Countess Maria Louise Albertine of Leiningen-Falkenburg-Dagsburg

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Countess Maria Louise Albertine
Princess George William of Hesse-Darmstadt
MLA Hessen-Darmstadt.JPG
Marie Louise Albertine of Hesse-Darmstadt in a painting around 1753 by Johann Christian Fiedler
Spouse Prince George William of Hesse-Darmstadt
House House of Leiningen (by birth)
House of Hesse-Darmstadt (by marriage)
Father Christian Karl Reinhard of Leiningen-Dachsburg-Falkenburg-Heidesheim
Mother Countess Katharina Polyxena of Solms-Rödelheim
Born (1729-03-16)16 March 1729
Obrigheim, Electorate of the Palatinate, Holy Roman Empire
Died 1 March 1818(1818-03-01) (aged 88)
Neustrelitz, Grand Duchy of Mecklenburg-Strelitz, German Confederation

Countess Maria Louise Albertine of Leiningen-Falkenburg-Dagsburg (16 March 1729 – 11 March 1818); also known as Princess George, was heiress to the barony of Broich and by marriage Princess of Hesse-Darmstadt. She was the grandmother and educator of Princess Louise of Mecklenburg-Strelitz, who later became Queen consort of Prussia.

Life[edit]

Maria Louise Albertine was a daughter of Count Christian Karl Reinhard of Leiningen-Dachsburg-Falkenburg-Heidesheim (1695–1766) and his wife Countess Katharina Polyxena of Solms-Rödelheim (1702–1765). After the death of her father, she was heiress to the barony of Broich and began with the architect Nicolas de Pigage, the restoration and expansion of the Broich Castle. In 1806, the government of Broich was dissolved by Napoleon in 1815 and Broich was annexed by Prussia.

On 16 March 1748, She married Prince George William of Hesse-Darmstadt, the brother of the reigning Landgrave Louis IX of Hesse-Darmstadt in Heidesheim am Rhein. As Louis IX stayed almost exclusively in Pirmasens, she felt obliged, after the death of his wife in 1774, to represent the territory in the capital Darmstadt.

Her daughters Friederike and Charlotte were the first and second wives of Prince Charles II of Mecklenburg-Strelitz. They both died in childbirth. Charles then ended his service as governor-general in Hannover and moved with his children to his mother in Darmstadt. Princess George was a widow since 1782 and took over the education and care of Charles's children.

Charlotte did not move with her father to Darmstadt. At the age of 16, she had been married the Duke of Saxe-Hildburghausen. His father visited his two sons frequently and moved to Hildburghausen with his oldest daughter in 1787, after he became president of the local imperial debit commission. Thus, Maria Luise cared primarily for Louise and her sisters Therese and Frederica for whom she provided a secure and largely informal home in the "Old Palace" at the market square in Darmstadt. She employed regional educational methods.[1]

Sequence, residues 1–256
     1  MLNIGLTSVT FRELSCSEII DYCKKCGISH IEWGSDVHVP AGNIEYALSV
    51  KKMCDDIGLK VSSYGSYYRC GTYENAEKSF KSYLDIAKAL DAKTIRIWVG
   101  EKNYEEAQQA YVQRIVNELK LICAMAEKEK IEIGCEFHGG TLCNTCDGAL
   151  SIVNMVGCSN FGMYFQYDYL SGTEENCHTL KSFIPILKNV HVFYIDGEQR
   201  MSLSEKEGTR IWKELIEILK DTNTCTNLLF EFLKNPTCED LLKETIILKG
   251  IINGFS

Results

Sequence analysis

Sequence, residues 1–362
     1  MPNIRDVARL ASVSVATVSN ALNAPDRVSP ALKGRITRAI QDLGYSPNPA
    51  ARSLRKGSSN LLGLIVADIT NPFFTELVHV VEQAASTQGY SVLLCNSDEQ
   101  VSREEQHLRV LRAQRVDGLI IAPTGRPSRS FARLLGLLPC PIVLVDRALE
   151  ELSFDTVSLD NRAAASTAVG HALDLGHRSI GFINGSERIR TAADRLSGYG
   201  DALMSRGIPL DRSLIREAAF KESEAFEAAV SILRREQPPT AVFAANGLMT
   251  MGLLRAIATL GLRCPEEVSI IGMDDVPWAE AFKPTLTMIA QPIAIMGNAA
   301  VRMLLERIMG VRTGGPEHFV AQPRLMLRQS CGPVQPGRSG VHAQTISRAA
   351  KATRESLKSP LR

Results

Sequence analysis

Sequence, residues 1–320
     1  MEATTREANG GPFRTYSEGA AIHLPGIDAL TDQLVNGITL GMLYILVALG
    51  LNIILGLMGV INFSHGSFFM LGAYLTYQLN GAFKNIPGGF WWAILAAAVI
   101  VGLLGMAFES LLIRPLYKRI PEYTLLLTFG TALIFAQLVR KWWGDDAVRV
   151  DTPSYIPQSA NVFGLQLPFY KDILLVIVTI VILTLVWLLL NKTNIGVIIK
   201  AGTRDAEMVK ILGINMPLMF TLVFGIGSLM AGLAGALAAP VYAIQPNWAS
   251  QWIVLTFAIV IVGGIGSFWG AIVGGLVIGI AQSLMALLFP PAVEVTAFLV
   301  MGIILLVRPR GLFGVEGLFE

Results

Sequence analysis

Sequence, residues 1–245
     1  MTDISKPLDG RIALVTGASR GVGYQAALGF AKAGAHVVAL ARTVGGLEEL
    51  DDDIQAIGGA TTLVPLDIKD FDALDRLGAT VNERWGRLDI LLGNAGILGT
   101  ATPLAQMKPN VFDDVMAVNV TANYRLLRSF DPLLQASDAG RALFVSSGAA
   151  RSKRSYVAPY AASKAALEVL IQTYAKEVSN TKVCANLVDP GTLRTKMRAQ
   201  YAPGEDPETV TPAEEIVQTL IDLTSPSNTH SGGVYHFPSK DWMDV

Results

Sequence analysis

In 1790 she traveled with Louise, Frederica and George to Frankfurt to see the coronation of Emperor Leopold II. She stayed here with Catharina Elisabeth Goethe. In 1791, she joined an educational trip to the Netherlands. In 1792 she fled for the advancing French army and took the children from Darmstadt to her granddaughter Charlotte in Hildburghausen, where she remained until March 1793. On the return trip to Darmstadt, she traveled via Frankfurt, where a meeting between Louise and her future husband Frederick William III of Prussia had been arranged. In 1793 she accompanied Louise and Frederica to their wedding in Berlin.

Maria Louise was described as a magnificent person, warm hearted, cheerful all the time and usually speaking the Palatinate dialect.[2] The proximity and warmth she has as a surrogate mother during the formative years of her granddaughters passed on to them.

Ancestry[edit]


References[edit]

  1. ^ Karin Feuerstein-Praßer: The Prussian Queen. Munich: Piper 2005, p. 252
  2. ^ http://www.zeit.de/1992/05/Eine-geborene-Koenigin
  • Claudia von Gélieu and Christian von Gélieu: The teacher of Queen Louise: Salomé de Gélieu, Regensburg 2007, ISBN 978-3-7917-2043-2
  • Carsten Peter Thiede and Eckhard G. Franz: Years with Louise of Mecklenburg-Strelitz, Archive for History of Hesse and Archaeology, Vol 43, Darmstadt 1985

External links[edit]